Beginning with a short introduction of climate justice, this lesson features a Monopoly-inspired virtual board game that gives students deeper insight on how climate justice affects historically marginalized communities. While we understand that our Spring Forward team is privileged and will never be able to fully understand what it’s like, we hope to give students a general understanding of the social injustices that the climate crisis horrifically exacerbates.
This lesson begins with a word search, to get a familiarity with some terms in the lesson. Then, students learn about the lifecycle of a t-shirt, specifically its carbon and water footprint. This shifts into learning how to make a quick mask by reusing an old shirt or piece of cloth. Finally, there are tips on how to keep one’s closet sustainable. This lesson provides insight into a part of the climate crisis that is often overlooked.
The deforestation lesson begins with a picture book read-aloud; teachers can decide to read before or during the lesson. After, the lesson covers the carbon cycle and photosynthesis in simple terms. Next the lesson moves into why pollution is harmful to some people more than others and how trees and other plants can help stop pollution. After learning why deforestation is bad, students will be guided through creating a theoretical plan to stop deforestation. If there is time, the class will play a quick true or false activity. Finally students will observe before and after pictures of deforestation and learn about ways they can help trees.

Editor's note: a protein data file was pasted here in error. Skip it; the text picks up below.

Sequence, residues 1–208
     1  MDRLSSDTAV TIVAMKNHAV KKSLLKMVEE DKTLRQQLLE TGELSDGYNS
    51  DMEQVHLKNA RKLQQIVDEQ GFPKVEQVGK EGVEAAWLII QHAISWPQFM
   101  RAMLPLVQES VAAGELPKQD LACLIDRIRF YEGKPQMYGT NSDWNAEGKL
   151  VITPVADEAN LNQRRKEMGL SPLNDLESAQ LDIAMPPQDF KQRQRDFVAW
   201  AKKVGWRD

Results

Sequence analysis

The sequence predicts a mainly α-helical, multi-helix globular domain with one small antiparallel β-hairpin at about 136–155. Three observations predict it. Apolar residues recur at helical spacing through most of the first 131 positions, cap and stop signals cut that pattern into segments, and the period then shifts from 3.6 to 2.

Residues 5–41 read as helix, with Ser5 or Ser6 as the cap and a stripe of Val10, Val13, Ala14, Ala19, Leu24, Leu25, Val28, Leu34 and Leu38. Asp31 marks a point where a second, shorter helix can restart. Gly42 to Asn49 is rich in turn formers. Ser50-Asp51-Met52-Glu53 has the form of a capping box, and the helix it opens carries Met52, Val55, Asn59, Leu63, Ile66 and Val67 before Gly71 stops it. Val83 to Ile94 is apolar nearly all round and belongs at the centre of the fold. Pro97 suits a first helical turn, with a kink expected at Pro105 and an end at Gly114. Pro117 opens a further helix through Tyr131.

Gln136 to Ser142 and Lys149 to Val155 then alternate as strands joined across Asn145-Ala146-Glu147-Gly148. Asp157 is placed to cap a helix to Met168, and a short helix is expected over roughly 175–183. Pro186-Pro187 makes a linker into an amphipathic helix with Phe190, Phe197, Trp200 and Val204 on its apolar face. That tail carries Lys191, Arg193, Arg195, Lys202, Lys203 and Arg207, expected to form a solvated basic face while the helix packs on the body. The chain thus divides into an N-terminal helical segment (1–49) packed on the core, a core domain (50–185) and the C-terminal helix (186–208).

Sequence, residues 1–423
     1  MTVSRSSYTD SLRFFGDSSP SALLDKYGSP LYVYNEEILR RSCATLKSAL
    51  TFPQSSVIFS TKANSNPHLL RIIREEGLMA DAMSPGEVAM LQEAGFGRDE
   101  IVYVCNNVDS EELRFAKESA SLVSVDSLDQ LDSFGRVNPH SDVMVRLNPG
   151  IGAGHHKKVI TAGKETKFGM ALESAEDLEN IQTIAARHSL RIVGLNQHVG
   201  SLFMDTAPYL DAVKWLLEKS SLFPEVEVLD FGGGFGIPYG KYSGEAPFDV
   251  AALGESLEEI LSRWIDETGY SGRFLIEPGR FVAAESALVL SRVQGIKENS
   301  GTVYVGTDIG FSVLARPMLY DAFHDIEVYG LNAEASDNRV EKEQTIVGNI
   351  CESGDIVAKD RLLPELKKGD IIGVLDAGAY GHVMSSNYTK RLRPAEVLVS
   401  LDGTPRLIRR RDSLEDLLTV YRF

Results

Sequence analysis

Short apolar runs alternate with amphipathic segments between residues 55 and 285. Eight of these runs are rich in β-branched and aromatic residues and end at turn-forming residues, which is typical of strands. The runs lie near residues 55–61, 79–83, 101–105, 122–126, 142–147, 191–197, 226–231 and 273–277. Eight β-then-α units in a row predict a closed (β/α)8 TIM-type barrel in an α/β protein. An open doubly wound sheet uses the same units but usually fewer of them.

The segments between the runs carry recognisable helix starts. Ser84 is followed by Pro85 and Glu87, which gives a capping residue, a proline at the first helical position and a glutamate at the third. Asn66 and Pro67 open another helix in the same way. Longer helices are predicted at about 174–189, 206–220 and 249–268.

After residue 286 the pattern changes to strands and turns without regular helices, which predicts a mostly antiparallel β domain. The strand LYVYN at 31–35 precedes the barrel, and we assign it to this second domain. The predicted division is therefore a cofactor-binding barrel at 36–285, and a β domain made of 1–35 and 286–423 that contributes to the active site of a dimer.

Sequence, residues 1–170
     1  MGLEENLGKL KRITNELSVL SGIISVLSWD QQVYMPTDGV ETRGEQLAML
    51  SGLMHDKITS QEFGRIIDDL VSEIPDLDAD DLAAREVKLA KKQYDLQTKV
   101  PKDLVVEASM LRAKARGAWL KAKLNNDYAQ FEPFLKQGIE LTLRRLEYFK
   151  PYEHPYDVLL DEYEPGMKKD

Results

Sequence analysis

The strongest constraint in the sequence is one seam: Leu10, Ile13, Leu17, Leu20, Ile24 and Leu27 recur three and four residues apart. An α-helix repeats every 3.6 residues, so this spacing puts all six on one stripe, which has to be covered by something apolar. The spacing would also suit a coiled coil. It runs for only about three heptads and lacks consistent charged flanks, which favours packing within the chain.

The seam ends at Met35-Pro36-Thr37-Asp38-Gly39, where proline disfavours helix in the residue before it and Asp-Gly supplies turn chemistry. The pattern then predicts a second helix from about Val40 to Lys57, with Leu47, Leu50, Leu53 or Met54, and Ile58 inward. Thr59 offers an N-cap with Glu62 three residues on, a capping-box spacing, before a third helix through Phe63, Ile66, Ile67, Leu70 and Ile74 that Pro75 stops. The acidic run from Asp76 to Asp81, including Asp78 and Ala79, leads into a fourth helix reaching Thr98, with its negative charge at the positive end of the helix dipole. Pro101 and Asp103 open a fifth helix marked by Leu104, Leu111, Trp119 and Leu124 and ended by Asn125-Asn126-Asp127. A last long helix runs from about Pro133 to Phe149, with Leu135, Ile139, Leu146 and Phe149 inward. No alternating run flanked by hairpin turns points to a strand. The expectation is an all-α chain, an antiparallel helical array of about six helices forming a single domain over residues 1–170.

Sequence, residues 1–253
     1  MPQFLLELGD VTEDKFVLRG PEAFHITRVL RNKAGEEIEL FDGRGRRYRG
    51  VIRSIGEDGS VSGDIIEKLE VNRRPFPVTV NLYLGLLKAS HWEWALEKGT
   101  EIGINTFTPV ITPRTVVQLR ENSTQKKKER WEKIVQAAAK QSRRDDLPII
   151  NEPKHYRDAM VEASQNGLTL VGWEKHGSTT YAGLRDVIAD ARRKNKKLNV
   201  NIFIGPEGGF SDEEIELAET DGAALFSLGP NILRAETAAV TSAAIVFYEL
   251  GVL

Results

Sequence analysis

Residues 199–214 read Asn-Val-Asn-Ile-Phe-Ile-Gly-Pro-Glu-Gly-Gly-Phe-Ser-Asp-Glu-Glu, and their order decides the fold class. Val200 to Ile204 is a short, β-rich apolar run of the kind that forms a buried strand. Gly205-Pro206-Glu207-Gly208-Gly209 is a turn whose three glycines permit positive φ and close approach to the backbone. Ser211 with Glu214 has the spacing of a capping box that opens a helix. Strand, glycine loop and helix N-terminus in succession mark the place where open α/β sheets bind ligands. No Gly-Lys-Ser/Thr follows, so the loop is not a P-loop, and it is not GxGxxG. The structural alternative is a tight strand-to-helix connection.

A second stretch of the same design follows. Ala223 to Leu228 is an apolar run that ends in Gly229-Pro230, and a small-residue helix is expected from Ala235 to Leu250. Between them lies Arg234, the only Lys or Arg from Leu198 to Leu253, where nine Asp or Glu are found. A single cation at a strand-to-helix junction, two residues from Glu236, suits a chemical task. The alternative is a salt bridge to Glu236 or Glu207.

Earth Day Workshop
This workshop begins with a brief history of Earth Day, next discussion and information on what climate change is and the causes of climate change. This leads into a hands-on diagram activity where students will be leaded through drawing and labeling a simple greenhouse effect diagram. Next, students will participate in a fun "shout-out" effects of climate change game. We will wrap up with empowering students to take action on climate change this Earth Day.
5st to 8th Grade
Climate Change 101
A basic overview on climate change, climate science, climate justice, and how to help stop climate change, focusing on renewable energy.
Climate Justice (interactive simulation)
Introduces the topic of climate justice and equity through role-playing scenarios and a thorough discussion afterwards.
Climate Justice (Monopoly simulation)
Through Spring Forward’s unique version of the popular board game Monopoly, students gain an understanding of climate justice and how minority communities are more affected by the effects of the climate crisis.
Systemic Action vs Individual Action
Establishes a concrete understanding of the differences between systemic and individual change, and covers how inaccessible individual change can really be, while emphasizing how the students can create change.
Basic Climate Science
Opens with a short video of the causes and effects of climate change, then reviews changes in global temperatures and the Greenhouse Effect. This lesson also includes a climate science worksheet, to reinforce ideas after the lesson.
The lesson starts with a water expanding guessing activity and information. Next students learn about glaciers melting through an easy hands on experiment followed by more information on glaciers. Next students determine three crucial factors; location, health, and wealth, that go into how affected someone is by oceans rising. Students go into three breakout rooms, each to discuss one of the factors and come back to share with the whole group. Then we will quickly discuss the role race and gender plays in someone’s location, health or wealth. We will wrap up with going over general actions students can take to help stop oceans rising as well as one quick action to take right then.